What are the risks of post-traumatic stress disorder after an accident?

July 17, 2014

Science Daily/INSERM (Institut national de la santé et de la recherche médicale)

Many patients continue to suffer from symptoms (headaches, pain) several months after an accident. Now, a research team has studied the subsequent development of 1,300 people who were admitted to hospital for trauma. The researchers demonstrate that it is possible to identify people who will develop post-traumatic stress disorder, which generally occurs when the individual's life was put in danger.

 

Every year, one in ten people in France are taken to A&E with a trauma following an accident. The large majority of the victims have only mild injuries and are discharged from hospital quickly. However, a number of them continue to suffer long after their direct injuries have healed. They may, for example, have headaches, uncontrollable fear or maladies of various kinds, vision problems, balancing problems or be irritable.When the symptoms occur simultaneously in a single context, they constitute what is called a syndrome.

 

Following a trauma, two syndromes are described: post-concussion syndrome (PCS), which occurs after a mild cranial trauma, and post-traumatic stress disorder (PTSD), which is encountered in people who have been exposed to a stressful situation wherein their life, or that of another person, was put in danger. Post-traumatic stress disorder was initially described in soldiers who, after exposure to combat or an explosion, complain of nightmares or obsessive thoughts which they are unable to get rid of. The two syndromes have been described for several years in the successive editions of the Diagnostic and Statistical Manual of Mental Disorders (DSM) of the American Psychiatric Association, which is a current standard reference in the area of diagnosis in mental health.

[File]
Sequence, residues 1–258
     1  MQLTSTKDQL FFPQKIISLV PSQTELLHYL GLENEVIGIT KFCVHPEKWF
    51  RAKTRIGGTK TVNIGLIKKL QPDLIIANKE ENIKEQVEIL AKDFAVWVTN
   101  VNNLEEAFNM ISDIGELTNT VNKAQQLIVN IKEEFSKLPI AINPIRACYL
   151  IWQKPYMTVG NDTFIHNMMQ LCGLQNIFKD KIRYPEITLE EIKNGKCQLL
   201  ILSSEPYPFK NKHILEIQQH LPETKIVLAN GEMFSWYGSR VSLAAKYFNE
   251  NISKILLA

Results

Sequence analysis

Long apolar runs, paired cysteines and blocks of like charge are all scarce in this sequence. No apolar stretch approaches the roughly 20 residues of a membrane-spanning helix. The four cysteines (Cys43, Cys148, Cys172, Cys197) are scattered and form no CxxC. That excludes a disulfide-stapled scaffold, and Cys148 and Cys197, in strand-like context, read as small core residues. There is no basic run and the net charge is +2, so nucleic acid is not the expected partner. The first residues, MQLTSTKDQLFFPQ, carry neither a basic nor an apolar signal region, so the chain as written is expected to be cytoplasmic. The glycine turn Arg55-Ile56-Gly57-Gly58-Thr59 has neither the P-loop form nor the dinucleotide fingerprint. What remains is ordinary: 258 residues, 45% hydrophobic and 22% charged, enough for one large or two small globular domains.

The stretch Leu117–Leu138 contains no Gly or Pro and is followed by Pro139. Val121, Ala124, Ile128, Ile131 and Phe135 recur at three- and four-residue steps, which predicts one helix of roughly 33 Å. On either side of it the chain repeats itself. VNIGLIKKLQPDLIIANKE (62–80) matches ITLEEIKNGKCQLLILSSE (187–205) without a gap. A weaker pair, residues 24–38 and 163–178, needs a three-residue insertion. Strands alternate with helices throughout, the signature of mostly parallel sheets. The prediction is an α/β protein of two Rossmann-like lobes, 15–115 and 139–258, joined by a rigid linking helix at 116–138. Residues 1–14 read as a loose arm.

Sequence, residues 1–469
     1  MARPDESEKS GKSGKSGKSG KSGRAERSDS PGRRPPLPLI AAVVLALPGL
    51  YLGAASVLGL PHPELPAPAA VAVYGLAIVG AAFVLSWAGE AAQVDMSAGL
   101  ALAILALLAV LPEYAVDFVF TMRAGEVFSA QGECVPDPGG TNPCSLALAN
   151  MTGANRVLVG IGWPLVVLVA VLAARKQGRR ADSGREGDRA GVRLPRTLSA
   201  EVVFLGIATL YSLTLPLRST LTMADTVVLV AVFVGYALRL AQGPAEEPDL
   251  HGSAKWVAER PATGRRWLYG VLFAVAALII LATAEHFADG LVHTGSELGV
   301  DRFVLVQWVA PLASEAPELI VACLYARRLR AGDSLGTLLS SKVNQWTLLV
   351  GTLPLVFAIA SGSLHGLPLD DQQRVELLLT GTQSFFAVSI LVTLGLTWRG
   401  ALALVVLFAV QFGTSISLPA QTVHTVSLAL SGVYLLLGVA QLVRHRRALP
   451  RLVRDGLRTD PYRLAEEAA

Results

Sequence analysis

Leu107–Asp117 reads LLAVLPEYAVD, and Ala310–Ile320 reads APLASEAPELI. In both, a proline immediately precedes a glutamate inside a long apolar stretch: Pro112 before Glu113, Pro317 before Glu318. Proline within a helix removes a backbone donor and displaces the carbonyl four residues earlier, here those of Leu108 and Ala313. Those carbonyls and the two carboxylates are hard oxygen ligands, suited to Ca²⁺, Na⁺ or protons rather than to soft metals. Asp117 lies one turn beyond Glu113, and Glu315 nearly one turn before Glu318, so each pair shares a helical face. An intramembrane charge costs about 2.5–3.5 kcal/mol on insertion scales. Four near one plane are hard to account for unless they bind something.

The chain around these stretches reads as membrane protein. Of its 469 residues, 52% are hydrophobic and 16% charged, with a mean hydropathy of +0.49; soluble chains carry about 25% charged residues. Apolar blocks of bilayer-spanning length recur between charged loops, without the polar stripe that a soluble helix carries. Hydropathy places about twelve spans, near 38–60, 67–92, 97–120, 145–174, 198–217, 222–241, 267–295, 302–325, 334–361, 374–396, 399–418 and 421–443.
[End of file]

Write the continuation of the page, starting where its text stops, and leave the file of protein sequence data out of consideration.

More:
Post-traumatic stress disorder in the general population

The results obtained also make it possible to have a better understanding of post-traumatic stress disorder, which is still insufficiently described for non-military contexts. In the general population, this disorder occurs in 2% of injured people but this figure rises to 9% when the trauma is cranial. However, it is more frequent among women and people who have been in a road accident or have been attacked. The occurrence of PTSD is also influenced by the state of the victim's physical and mental health before the accident. All this information can enable doctors to determine if early treatment should be provided.

 

This study puts the classification of post-traumatic complaints into question because it also questions the very existence of post-concussion syndrome, which should be seen as only one part of post-traumatic stress disorder. These results do not, however, question the reality of the suffering of a significant number of people affected by this disorder, for whom the symptoms continue to persist and considerably impact the quality of their lives.

http://www.sciencedaily.com/releases/2014/07/140717114925.htm

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